8. The claimant has a limited education and is able to
communicate in English (20 CFR 404.1564 and 416.964).
9. Transferability of job skills is not material to the
determination of disability because using the
Medical-Vocational Rules as a framework supports a finding
that the claimant is “not disabled, ” whether
or not the claimant has transferable job skills (See SSR
82-41 and 20 CFR Part 404, Subpart P, Appendix 2).
10. Considering the claimant's age, education, work
experience, and residual functional capacity, there are
jobs that exist in significant numbers in the national
economy that the claimant can perform (20 CFR 404.1569,
404.1569(a), 416969 and 416.969(a)).
11. The claimant has not been under a disability, as
defined in the Social Security Act, from October 24, 2013,
through the date of this decision (20 CFR 404.1520(g) and
(Tr. 19- 29).
upon these findings, the ALJ determined that Plaintiff was
not entitled to disability benefits. The ALJ's decision
became the final agency decision when the Appeals Council
denied review. This appeal followed.
filed his opening brief on September 12, 2017. On October 18,
2017, the defendant filed a memorandum in support of the
Commissioner's decision. Plaintiff has declined to file a
reply. Upon full review of the record in this cause, this
court is of the view that the ALJ's decision must be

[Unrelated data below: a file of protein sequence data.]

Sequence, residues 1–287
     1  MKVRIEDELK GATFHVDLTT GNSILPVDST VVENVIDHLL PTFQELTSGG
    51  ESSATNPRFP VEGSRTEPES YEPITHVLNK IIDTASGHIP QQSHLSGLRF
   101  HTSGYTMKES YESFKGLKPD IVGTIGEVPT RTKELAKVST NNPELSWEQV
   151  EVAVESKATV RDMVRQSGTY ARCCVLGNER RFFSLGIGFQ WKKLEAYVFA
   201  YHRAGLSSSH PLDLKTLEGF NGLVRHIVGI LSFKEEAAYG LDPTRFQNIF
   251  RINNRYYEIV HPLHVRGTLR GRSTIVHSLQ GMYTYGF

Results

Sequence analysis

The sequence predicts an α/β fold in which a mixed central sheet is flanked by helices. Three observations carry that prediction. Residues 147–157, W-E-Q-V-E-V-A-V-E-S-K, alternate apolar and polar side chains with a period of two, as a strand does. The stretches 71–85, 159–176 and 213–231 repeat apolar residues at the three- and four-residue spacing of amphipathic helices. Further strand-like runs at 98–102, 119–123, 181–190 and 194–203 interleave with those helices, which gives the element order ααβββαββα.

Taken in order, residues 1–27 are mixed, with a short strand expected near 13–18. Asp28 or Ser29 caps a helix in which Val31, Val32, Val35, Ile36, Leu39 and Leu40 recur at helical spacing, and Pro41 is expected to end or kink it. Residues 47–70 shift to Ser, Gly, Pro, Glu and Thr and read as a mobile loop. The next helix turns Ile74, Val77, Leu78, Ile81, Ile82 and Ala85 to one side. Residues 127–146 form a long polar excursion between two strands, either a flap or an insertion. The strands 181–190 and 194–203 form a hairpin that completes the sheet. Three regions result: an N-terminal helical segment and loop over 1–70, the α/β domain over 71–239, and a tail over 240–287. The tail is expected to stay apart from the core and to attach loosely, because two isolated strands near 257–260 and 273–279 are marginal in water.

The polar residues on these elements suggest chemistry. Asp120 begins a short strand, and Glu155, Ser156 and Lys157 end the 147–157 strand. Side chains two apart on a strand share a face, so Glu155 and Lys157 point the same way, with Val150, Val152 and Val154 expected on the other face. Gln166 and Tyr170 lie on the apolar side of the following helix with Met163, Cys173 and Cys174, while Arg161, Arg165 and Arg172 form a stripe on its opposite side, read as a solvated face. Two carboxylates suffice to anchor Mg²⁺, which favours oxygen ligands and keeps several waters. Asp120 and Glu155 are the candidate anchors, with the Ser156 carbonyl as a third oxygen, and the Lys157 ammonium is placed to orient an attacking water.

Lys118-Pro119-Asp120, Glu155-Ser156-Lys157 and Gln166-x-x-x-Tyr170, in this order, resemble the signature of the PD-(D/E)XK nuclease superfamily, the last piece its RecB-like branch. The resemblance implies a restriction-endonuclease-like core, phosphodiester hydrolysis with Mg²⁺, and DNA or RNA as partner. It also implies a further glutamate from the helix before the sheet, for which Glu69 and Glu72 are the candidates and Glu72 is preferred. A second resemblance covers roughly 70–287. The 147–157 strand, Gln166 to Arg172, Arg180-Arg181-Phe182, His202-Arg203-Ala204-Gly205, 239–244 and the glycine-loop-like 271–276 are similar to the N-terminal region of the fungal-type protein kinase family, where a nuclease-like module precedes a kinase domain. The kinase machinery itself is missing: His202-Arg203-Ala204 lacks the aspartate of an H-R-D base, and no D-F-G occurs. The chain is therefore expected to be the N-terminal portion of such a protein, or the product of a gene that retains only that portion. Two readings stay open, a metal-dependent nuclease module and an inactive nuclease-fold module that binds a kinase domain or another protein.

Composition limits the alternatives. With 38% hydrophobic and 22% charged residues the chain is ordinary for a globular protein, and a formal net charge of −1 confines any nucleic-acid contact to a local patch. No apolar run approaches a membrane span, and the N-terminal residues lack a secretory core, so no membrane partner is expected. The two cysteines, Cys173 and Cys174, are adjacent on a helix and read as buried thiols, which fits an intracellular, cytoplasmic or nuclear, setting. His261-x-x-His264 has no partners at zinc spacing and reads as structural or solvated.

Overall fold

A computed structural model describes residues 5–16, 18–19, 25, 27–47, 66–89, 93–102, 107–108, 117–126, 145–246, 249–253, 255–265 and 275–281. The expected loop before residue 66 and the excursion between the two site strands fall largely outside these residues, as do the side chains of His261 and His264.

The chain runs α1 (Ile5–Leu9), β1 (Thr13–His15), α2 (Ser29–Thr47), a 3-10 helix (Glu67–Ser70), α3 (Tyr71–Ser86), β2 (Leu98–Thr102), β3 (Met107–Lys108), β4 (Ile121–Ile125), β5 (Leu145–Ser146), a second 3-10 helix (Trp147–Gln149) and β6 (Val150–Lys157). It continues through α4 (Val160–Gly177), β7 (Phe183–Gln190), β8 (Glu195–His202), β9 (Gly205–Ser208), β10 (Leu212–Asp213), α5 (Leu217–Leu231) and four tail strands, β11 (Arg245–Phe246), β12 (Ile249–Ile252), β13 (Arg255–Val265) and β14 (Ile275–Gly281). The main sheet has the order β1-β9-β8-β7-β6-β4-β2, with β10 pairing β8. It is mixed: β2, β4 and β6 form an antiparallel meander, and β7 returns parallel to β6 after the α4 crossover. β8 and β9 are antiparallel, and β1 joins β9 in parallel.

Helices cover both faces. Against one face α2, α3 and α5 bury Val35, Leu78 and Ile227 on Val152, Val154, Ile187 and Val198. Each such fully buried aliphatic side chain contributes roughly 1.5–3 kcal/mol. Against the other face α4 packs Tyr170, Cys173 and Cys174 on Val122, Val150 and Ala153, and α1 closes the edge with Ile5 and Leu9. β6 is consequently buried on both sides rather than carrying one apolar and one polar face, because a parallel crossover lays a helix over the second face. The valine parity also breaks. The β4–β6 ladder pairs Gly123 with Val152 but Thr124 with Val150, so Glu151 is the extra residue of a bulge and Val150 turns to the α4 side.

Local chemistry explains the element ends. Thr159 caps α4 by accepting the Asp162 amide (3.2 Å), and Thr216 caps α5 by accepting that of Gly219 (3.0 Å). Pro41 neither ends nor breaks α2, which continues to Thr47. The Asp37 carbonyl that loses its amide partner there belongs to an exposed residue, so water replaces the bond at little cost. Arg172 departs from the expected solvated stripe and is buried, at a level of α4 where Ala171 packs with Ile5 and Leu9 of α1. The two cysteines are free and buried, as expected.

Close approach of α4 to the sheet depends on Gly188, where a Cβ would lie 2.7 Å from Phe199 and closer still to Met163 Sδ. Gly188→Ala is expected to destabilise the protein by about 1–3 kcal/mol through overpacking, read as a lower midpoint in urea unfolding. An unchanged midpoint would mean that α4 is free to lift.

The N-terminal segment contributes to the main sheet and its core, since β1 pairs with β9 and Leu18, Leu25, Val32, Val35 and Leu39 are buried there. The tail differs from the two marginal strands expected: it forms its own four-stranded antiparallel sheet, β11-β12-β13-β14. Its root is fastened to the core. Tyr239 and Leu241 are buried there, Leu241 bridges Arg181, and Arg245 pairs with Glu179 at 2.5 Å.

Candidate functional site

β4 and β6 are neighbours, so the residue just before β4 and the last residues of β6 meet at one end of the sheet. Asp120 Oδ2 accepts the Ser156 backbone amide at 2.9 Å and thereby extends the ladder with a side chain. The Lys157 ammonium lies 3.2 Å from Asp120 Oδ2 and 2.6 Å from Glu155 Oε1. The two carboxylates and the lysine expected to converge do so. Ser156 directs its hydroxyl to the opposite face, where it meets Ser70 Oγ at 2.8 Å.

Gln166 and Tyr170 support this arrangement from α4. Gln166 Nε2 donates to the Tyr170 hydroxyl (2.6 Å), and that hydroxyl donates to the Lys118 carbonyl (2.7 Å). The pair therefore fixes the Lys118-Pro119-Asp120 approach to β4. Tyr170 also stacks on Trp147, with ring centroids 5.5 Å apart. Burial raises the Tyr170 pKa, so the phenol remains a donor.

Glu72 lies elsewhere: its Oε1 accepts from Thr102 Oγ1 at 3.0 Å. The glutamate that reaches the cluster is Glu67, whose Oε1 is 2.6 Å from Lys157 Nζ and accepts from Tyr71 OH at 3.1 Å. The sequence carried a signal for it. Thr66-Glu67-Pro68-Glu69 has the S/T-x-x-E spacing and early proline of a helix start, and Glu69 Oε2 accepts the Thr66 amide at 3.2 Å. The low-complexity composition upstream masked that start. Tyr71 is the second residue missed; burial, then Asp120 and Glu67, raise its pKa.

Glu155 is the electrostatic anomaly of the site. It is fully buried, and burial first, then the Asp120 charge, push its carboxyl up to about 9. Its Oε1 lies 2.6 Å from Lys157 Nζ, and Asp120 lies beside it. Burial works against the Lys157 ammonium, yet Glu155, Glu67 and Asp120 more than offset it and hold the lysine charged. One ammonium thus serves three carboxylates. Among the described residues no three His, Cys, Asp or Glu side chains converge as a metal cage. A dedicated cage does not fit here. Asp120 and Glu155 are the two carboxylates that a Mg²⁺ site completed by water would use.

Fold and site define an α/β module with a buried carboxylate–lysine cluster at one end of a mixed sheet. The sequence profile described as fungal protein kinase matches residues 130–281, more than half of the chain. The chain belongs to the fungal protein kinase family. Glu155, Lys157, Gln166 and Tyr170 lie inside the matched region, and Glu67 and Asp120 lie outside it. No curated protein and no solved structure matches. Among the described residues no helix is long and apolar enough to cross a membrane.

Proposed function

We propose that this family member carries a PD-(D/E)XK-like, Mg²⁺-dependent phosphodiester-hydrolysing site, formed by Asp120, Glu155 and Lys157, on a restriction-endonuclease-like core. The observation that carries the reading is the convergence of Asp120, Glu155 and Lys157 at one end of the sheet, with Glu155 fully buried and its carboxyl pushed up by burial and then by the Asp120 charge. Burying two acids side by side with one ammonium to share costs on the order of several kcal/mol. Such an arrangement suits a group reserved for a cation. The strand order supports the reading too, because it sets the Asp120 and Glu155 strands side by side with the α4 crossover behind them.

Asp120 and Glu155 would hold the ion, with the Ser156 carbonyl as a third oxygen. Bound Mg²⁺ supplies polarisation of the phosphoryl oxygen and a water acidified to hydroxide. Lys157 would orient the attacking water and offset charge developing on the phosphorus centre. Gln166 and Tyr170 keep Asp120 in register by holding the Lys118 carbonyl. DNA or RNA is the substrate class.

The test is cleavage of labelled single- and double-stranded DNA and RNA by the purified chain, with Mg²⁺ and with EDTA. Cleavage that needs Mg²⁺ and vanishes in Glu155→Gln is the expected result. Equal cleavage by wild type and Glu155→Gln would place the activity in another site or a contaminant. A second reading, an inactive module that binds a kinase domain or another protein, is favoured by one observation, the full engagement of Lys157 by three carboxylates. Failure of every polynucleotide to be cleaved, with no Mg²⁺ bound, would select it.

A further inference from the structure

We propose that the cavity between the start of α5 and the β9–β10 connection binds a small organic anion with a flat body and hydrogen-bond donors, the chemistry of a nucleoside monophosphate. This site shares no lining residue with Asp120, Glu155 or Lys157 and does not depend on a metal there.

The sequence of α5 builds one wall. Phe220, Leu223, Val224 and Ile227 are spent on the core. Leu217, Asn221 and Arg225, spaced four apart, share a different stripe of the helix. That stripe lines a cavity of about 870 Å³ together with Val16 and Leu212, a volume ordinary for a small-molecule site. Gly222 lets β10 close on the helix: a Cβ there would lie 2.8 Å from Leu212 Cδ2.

five-step test has been established to determine whether a
claimant is disabled. See Singleton v.
Bowen, 841 F.2d 710, 711 (7th Cir. 1988); Bowen v.
Yuckert, 107 S.Ct. 2287, 2290-91 (1987). The United
States Court of Appeals for the Seventh Circuit has
summarized that test as follows:
The following steps are addressed in order: (1) Is the
claimant presently unemployed? (2) Is the claimant's
impairment "severe"? (3) Does the impairment meet
or exceed one of a list of specific impairments? (4) Is the
claimant unable to perform his or her former occupation? (5)
Is the claimant unable to perform any other work within the
economy? An affirmative answer leads either to the next step
or, on steps 3 and 5, to a finding that the claimant is
disabled. A negative answer at any point, other than step 3,
stops the inquiry and leads to a determination that the
claimant is not disabled.
Nelson v. Bowen, 855 F.2d 503, 504 n.2 (7th Cir.
1988); Zalewski v. Heckler, 760 F.2d 160, 162 n.2
(7th Cir. 1985); accord Halvorsen v. Heckler, 743
F.2d 1221 (7th Cir. 1984). From the nature of the ALJ's
decision to deny benefits, it is clear that step five was the
support of remand or reversal, Plaintiff asserts that the ALJ
should have given more weight to his work history, and that
the ALJ should have given more weight to medical opinion
evidence from Dan Boen, Ph.D.
support of his first argument, Plaintiff claims that his long
and continuous work history entitles him to
“substantial credibility”. “An ALJ is in
the best position to determine a witness's truthfulness
and forthrightness; thus, this court will not overturn an
ALJ's credibility determination unless it is
‘patently wrong.'” Skarbek v.
Barnhart, 390 F.3d 500, 505 (7th Cir. 2004). In the
present case, the ALJ found that Plaintiff's medically
determinable impairments could reasonably be expected the
cause some of the alleged symptoms; however, his statements
concerning the intensity, persistence, and limiting effects
of these symptoms were not entirely ...